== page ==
- The Washington Times - Sunday, April 26, 2020

South Korean health officials say the world has a lot of learn from how the country contained a vicious early outbreak of the COVID-19 pandemic, but told a Washington audience last week South Korea itself has a long way to go before even thinking about declaring victory.

Initially one of the hardest-hit epicenters of coronavirus infection, Seoul has been winning high praise for its massive mitigation response to flatten the infection curve and a testing and tracking regimen to identify and contain new outbreaks.

What once was a rate of infection that reached more than 900 confirmed cases on a single day has now plummeted in a matter of weeks to a daily infection rate in the single digits. On April 23, the nation saw just eight new confirmed cases, and just 89 across the country in previous seven days.

Despite reporting its first cases in early February, South Korea has recorded just 10,708 confirmed cases nationwide, with 8,501 recovered patients. Just 240 deaths — in a nation of 51 million people — are attributed to the virus, fewer than the number in U.S. states such as North Carolina and Wisconsin.

In a teleconference hosted by George Washington University Thursday, Director-General of the Republic of Korea’s Ministry of Science International Cooperation Bureau Hee-Kwon Jung cited the government’s focus on expansive testing, experimental treatment and advanced data collection as key factors in diminishing the virus’ spread soon after it peaked in late February.



“In the case of Korea, test kits [were] a very important factor in how to handle this COVID-19,” Mr. Jung said. “Because COVID-19 is an unknown virus, it was very important how quickly we developed the test kits.”

South Korean researchers began developing possible test prototypes before the virus was confirmed in the nation in mid-January, with the government of President Moon Jae-in fast-tracking the regulatory process for approvals.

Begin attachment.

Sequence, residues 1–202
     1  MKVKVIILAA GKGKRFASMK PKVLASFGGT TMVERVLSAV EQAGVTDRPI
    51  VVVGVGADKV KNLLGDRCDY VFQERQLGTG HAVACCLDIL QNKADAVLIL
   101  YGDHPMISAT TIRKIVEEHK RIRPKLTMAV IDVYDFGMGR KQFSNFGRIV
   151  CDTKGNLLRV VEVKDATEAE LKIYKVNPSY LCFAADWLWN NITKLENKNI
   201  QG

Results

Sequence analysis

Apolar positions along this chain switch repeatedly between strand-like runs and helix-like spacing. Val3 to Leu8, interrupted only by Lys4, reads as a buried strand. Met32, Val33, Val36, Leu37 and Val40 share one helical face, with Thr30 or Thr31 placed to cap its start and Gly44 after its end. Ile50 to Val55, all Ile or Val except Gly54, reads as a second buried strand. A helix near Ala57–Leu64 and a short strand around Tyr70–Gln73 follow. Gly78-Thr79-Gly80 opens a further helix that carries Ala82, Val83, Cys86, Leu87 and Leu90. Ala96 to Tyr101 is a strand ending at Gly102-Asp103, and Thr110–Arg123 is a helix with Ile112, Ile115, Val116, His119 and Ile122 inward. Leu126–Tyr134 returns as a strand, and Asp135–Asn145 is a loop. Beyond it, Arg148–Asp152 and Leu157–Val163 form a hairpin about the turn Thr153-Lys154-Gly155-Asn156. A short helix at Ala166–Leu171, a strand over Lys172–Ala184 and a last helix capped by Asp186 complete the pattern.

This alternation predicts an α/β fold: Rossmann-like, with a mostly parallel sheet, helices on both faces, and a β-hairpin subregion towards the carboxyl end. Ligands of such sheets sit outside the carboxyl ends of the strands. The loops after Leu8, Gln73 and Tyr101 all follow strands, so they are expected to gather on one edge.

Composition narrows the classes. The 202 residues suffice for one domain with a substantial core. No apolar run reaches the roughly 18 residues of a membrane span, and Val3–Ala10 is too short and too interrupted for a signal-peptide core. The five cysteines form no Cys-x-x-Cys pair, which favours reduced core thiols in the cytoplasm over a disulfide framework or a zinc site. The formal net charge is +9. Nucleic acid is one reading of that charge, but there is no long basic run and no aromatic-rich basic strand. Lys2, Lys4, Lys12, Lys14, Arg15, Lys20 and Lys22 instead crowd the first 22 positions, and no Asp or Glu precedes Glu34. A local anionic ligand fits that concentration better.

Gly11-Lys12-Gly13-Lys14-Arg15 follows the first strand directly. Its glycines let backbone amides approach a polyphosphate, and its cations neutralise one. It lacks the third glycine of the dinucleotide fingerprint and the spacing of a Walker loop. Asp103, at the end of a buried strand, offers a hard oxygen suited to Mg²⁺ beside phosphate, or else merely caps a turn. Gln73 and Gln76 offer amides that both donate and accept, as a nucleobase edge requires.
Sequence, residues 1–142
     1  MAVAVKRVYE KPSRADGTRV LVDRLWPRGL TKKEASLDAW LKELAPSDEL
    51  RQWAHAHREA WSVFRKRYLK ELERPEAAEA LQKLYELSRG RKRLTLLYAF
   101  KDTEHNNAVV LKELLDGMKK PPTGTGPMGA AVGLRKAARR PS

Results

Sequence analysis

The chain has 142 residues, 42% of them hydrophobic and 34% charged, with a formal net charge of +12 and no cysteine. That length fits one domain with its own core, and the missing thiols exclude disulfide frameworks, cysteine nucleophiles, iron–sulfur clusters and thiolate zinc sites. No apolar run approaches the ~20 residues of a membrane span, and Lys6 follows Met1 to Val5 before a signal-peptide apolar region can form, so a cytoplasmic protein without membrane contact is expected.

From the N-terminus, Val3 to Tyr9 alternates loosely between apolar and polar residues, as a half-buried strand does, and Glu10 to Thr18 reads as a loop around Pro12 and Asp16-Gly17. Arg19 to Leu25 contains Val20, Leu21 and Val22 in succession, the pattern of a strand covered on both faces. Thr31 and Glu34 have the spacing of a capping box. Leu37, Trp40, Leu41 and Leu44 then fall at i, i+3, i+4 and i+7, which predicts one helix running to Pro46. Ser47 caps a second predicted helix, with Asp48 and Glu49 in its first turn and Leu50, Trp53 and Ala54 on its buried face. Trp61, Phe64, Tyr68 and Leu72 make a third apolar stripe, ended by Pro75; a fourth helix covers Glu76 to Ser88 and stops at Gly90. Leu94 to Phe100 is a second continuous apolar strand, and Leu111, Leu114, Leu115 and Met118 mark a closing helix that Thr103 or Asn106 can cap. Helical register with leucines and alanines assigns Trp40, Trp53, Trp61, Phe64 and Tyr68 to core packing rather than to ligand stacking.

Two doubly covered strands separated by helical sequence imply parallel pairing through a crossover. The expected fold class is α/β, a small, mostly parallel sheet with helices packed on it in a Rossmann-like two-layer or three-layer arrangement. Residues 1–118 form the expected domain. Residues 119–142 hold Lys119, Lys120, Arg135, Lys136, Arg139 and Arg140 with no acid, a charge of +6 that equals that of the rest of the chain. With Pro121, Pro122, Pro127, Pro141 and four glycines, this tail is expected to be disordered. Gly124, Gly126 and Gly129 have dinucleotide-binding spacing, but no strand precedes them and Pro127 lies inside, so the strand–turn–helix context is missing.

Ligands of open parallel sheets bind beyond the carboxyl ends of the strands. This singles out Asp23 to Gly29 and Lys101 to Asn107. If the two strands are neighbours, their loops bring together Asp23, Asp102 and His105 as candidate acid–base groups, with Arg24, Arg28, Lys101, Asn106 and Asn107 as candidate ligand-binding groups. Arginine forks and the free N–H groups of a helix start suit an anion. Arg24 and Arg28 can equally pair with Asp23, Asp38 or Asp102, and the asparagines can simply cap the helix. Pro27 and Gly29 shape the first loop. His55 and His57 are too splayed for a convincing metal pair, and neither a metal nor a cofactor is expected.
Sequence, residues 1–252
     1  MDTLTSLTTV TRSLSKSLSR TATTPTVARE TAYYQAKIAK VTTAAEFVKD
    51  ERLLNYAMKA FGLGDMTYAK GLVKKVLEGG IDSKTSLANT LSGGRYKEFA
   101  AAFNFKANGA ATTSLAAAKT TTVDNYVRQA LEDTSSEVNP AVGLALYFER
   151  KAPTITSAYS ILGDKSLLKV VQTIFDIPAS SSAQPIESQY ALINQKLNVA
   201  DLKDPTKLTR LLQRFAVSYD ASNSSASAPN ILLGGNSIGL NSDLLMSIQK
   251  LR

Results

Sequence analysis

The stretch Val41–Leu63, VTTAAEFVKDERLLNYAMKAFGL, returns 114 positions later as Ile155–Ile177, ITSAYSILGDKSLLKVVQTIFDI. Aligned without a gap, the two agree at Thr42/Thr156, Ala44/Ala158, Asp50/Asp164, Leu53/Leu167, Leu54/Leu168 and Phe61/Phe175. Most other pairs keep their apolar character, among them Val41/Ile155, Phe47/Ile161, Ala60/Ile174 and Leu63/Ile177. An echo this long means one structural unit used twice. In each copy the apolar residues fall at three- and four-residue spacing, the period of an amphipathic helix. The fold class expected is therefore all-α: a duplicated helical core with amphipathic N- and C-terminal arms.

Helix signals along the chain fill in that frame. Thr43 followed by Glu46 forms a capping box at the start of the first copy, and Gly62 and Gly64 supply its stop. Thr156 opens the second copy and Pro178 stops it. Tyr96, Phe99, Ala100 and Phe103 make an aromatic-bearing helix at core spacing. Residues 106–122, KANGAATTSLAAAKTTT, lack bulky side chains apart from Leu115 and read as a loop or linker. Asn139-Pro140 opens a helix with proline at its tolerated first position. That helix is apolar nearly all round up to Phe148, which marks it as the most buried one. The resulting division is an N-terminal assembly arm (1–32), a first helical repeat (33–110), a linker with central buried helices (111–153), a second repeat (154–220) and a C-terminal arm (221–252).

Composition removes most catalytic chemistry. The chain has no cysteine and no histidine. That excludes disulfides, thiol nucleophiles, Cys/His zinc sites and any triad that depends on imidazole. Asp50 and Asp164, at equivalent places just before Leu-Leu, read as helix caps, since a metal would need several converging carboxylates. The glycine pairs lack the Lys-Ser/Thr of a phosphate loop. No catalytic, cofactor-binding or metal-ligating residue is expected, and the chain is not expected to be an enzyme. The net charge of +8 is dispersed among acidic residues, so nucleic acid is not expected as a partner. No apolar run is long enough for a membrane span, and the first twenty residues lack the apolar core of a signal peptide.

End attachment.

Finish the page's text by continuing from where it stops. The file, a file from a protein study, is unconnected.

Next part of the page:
Using artificial intelligence techniques, South Korean companies were able to mass-produce effective tests in a matter of weeks. These tests, Mr. Jung said, can detect COVID-19 infection in “a matter of seconds,” allowing doctors to test thousands of patients each day with results in real-time.

The Korean government also instituted a tracking system through a “self-quarantine safety app,” which allowed residents to monitor their own symptoms and self-isolate if necessary. Those who tested positive for the virus were asked to share information about their recent whereabouts, aided by cell phone GPS tracking and credit card transactions.

These details enabled the Korean Centers for Disease Control and Prevention to issue alerts to the public about possible places of exposure while keeping the identity of those infected anonymous.

After weeks of self-isolation, residents in Seoul South Korea flocked to crowded cafes and picnicked in public parks Saturday, all while wearing face masks and practicing social distancing. This picture of outdoor festivities and crowds is in stark contrast with cities in the US and Europe, where strict lockdowns have turned once bustling cities into ghost towns.

Moran Ki, a professor in the Department of Cancer Control and Population Health at South Korea’s National Cancer Center, said officials learned a harsh lesson about the importance of preparedness from a previous outbreak in the peninsula.

After the Middle Eastern Respiratory Syndrome (MERS) outbreak of 2015, South Korean’s public health commissioner ordered a review of all systems should a future epidemic threaten the nation again. These changes, Ms. Ki said, shifted the capacity of the national health system to handle an outbreak of large proportion.

Ms. Ki says the South Korean virus “preparedness” was not perfect, but the expanded capacity — especially the ability to treat patients of varying severity in different facilities — contributed to the nation’s low mortality rate, which is hovering around 2%.

“I think in other countries if their goal is to decrease case fatality rate, at first, they should prepare separation based on the severity of the patient,” Ms. Ki said.

Although South Korea’s virus count has significantly curbed since February, Ms. Ki says experts are proceeding with caution.

Ms. Ki said residents of the Korean peninsula should not expect life to ever fully return to “normal.”

“I think we cannot go back to the before-COVID-19 era,” Ms. Ki said. “I think we have to live with COVID-19 forever, so we have to change our lifestyle and our work style and our health system to live with the virus.”

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